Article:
We want to make you aware of a few new State Statutes that will go into effect on January 1, 2017, which may have a drastic impact on how incidents are handled in area school districts.
The way the new statue reads, if a person commits the offense of an assault in the third degree this will now be classified as a Class E Felony, rather than a misdemeanor. If he or she knowingly causes physical injury to another person (hits someone or has a fight with another individual and an injury occurs) – one or both participants may be charged with a Felony.
What does this mean for students?
For example, if two students are fighting and one child is injured, the student who caused the injury may be charged with a felony. Student(s) who are caught fighting in school, bus or on school grounds may now be charged with a felony (no matter the age or grade level), if this assault is witnessed by one of the School Resource Officers/police officers (SRO) or if the SRO/local law enforcement officials have to intervene.
Statue 565.054.1 -- A person commits the crime of assault in the third degree, if:
-- A person commits the offense of assault in the third degree if he or she knowingly causes physical injury to another person.
The offense of assault in the third degree is a class E felony, unless the victim of such assault is a special victim, as the term "special victim" is defined under section002, in which case it is a class D felony.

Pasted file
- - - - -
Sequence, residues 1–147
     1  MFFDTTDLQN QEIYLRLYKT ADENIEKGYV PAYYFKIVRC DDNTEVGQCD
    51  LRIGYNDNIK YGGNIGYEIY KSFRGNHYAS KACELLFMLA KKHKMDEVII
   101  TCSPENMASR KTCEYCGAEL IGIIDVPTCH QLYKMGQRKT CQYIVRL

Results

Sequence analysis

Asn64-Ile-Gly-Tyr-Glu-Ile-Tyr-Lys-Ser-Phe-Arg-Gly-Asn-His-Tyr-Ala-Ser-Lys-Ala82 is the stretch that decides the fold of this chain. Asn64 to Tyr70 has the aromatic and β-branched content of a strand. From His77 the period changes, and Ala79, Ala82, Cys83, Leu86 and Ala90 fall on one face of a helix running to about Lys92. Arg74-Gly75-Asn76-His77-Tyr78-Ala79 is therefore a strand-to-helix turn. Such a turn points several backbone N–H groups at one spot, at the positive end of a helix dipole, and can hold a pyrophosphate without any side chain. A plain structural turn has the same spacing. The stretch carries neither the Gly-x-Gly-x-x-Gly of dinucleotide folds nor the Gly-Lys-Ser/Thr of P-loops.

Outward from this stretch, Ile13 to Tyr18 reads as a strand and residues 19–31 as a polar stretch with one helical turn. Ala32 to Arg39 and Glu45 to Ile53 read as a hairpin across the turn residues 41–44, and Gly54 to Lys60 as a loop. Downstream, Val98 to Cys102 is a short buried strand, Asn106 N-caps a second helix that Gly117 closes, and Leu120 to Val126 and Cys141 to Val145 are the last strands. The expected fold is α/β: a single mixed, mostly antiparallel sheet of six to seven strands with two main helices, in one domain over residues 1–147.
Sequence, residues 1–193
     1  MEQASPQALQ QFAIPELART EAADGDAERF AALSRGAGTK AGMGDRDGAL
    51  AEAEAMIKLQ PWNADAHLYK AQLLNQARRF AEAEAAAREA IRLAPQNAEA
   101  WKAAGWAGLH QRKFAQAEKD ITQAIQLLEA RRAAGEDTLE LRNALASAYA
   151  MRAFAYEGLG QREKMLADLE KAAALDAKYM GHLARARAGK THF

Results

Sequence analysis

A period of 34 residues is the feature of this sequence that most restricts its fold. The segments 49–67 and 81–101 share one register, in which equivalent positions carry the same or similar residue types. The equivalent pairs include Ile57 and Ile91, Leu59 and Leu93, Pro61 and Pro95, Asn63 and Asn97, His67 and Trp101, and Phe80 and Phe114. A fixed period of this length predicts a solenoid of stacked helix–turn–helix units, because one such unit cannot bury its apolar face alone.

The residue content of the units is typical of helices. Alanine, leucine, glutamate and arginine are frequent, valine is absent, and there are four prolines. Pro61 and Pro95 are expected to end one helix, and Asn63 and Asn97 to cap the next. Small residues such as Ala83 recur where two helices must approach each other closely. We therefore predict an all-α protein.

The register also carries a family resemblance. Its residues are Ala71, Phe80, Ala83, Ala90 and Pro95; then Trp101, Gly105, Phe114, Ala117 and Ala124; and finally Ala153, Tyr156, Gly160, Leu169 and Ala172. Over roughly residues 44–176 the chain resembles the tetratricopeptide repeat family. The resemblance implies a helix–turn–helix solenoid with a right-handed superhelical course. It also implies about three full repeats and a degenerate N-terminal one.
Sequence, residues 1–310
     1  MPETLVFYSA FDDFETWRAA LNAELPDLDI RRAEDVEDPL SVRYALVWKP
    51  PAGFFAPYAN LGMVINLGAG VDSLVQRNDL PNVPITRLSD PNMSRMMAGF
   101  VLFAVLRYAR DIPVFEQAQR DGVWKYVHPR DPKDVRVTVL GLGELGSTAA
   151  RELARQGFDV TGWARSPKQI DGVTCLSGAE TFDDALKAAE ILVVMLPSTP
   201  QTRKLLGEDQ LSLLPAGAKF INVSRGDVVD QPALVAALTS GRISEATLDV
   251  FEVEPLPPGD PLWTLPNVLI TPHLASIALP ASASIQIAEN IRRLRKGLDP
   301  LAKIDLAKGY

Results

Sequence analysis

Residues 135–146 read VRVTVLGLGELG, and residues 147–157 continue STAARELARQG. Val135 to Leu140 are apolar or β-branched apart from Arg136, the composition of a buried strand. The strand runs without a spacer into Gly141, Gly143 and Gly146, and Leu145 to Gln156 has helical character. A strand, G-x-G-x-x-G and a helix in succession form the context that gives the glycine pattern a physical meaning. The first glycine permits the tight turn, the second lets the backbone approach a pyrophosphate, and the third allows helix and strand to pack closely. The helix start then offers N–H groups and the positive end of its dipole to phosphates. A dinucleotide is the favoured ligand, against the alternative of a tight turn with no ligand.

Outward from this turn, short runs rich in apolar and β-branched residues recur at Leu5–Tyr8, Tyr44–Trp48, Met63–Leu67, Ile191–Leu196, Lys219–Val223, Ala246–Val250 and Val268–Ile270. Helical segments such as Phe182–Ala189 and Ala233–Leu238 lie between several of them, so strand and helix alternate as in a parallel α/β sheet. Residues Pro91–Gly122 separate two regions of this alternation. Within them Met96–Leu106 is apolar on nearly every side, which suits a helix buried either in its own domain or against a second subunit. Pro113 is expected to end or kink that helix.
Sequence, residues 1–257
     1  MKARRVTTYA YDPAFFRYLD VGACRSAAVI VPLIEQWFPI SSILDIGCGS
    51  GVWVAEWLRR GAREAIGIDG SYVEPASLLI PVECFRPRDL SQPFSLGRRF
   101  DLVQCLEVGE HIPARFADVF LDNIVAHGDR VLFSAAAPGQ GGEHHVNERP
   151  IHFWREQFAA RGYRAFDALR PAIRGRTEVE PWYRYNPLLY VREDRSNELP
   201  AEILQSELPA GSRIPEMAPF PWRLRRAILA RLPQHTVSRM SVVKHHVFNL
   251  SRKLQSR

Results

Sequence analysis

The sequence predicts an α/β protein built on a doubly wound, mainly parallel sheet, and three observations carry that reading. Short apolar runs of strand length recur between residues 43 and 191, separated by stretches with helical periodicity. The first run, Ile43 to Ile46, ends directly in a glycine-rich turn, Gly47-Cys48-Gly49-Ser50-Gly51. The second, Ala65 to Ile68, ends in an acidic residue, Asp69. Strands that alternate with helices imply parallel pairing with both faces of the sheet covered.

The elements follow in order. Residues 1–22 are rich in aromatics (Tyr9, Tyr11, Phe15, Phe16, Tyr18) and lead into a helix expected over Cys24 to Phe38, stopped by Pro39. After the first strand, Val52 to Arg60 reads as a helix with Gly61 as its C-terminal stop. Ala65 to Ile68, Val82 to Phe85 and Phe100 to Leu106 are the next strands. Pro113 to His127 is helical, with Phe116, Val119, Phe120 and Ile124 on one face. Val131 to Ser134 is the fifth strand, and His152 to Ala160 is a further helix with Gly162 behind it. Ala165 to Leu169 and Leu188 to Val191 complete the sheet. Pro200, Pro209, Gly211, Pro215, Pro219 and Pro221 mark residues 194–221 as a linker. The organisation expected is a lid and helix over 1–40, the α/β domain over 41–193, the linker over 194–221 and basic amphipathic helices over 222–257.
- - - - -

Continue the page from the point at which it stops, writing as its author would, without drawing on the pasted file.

Statue 565.056. 1. -- A person commits the offense of assault in the fourth degree, if:
(1) The person attempts to cause or recklessly causes physical injury, physical pain, or illness to another person;
(2) With criminal negligence the person causes physical injury to another person by means of a firearm;
(3) The person purposely places another person in apprehension of immediate physical injury;
(4) The person recklessly engages in conduct, which creates a substantial risk of death or serious physical injury to another person;
(5) The person knowingly causes or attempts to cause physical contact with a person with a disability, which a reasonable person, who does not have a disability, would consider offensive or provocative; or
(6) The person knowingly causes physical contact with another person knowing the other person will regard the contact as offensive or provocative.
Except as provided in subsection 3 of this section, assault in the fourth degree is a class A misdemeanor.
Violation of the provisions of subdivision (3) or (6) of subsection 1 of this section is a class C misdemeanor unless the victim is a special victim, as the term "special victim" is defined under section565.002, in which case a violation of such provisions is a class A misdemeanor.